Many modern technologies were first designed out of necessity and urgency for the US military, from GPS to instant coffee, duct tape to drones. Advanced energy technologies appear no different, and the military's need for innovation is just as great. The US armed forces, often cited as the world's top institutional oil consumer, is continuing to invest heavily in solutions to use petroleum more wisely and improve readiness -- while balancing the need for cost-effectiveness. Speaking with EI New Energy at the Pentagon, two top energy and sustainability officials for the US Army said the need for energy innovations is only increasing in the modern era, explaining that they group their strategy under two umbrellas.
One is installation energy, where the Army is actively working to improve resilience and reduce grid reliance at its 156 Army installations and more than 1,000 National Guard and Reserve Centers worldwide. The other focus area is operational energy needed to power tactical vehicles and equip soldiers in the field. Here, the Army is developing solutions to cut down on dangerous refueling convoys and make soldier battery packs lighter and more versatile.
Consuming fewer oil products -- or using them more strategically -- is viewed as crucial for reducing the risks borne by fuel convoys, a frequent target during recent US missions abroad. During operations in Afghanistan, one in every 24 fuel convoys suffered casualties, by some estimates. "In some of the recent conflicts, a lot of the deaths and injuries were actually in the resupply efforts, and the modern Army needs a lot of resupply," said Jack Surash, acting deputy assistant secretary of the Army for energy and sustainability. "If you have a tank column moving out, you need to follow with fuel trucks. Same with any motorized vehicles in the Army inventory," said Jordan Gillis, the Army's assistant secretary for installations, energy and environment. "The extent that we can help alleviate that with alternatives to petroleum is a win for us."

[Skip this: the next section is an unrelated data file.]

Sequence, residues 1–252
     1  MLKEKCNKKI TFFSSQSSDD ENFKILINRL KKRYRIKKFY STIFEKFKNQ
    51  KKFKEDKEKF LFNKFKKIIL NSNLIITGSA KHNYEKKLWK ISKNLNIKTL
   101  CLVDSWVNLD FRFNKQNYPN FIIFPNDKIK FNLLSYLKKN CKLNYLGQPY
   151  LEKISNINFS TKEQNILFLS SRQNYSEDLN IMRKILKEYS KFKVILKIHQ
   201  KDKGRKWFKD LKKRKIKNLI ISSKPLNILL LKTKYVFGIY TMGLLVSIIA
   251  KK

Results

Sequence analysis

As the Army eyes specific alternatives, "the big deal is energy density. That's what the commanders in the field need," Surash said. Here, fuel-cell energy is particularly attractive. The Army has partnered with GM on the ZH2, a hefty off-road fuel-cell truck, as well as the Surus, a versatile fuel-cell vehicle unit that can be transformed to suit a variety of purposes (NE Aug.2'18; NE Oct.3'13). The Army is also testing a fuel cell powered by JP8 jet fuel, and has used a methanol-powered fuel cell in some smaller unmanned aerial systems. Yet steep challenges must be overcome before fuel cells can be deployed at a large scale. "The issue we have is the source of hydrogen," Gillis said. "The Army is typically very large, and very fast-moving, so the logistics of the supply chain is a big deal."
Biofuels, as well, "provide some diversity of supply," Surash said, noting that the Army is hoping to be as versatile and diverse as possible in its vehicle fuel options. Here, cost is integral: By law, the Army and other branches of the military must use fuels that are equally or less costly than conventional petroleum fuels -- a topic that surfaced as a political flash point under the Obama administration, particularly for the Navy (NE May24'12).